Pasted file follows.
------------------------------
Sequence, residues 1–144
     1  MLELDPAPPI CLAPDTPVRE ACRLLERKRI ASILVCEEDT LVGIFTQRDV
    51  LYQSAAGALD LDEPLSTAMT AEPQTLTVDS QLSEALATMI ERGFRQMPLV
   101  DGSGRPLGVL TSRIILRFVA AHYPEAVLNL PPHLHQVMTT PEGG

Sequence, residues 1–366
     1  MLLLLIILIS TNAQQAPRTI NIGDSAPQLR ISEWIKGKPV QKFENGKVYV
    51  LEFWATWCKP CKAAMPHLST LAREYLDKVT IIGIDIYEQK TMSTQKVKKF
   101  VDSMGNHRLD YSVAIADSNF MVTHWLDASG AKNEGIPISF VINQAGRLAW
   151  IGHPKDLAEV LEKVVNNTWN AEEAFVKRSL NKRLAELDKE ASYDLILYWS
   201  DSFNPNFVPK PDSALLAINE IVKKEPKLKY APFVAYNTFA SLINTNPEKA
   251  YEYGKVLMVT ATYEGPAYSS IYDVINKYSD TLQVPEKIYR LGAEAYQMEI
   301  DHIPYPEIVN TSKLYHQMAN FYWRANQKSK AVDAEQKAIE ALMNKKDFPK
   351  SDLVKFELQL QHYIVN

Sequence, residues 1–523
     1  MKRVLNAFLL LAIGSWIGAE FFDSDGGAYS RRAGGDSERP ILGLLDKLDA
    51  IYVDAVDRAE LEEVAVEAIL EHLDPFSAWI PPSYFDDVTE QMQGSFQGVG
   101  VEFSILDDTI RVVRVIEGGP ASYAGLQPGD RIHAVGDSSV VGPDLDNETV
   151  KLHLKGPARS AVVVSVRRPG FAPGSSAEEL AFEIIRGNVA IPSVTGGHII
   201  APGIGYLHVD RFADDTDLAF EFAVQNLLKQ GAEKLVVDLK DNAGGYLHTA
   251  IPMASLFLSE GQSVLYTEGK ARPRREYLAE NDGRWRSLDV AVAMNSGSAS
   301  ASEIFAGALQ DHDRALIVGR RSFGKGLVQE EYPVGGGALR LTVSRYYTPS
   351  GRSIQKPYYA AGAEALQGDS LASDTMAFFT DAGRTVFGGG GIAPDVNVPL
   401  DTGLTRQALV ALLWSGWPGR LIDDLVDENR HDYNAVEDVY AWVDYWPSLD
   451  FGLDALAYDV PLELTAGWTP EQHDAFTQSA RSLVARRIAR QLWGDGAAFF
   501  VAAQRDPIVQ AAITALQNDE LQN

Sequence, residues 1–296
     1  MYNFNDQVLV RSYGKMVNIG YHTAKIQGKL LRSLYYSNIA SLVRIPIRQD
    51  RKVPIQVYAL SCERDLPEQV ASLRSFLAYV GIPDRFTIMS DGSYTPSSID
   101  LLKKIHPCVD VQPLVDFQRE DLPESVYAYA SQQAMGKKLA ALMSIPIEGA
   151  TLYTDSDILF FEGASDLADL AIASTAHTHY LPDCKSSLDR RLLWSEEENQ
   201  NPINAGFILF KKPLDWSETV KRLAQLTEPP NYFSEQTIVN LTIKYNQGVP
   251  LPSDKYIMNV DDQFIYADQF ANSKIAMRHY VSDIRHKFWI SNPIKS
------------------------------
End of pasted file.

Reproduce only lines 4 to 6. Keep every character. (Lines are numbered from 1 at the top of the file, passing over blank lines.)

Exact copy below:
   101  DGSGRPLGVL TSRIILRFVA AHYPEAVLNL PPHLHQVMTT PEGG

Sequence, residues 1–366
     1  MLLLLIILIS TNAQQAPRTI NIGDSAPQLR ISEWIKGKPV QKFENGKVYV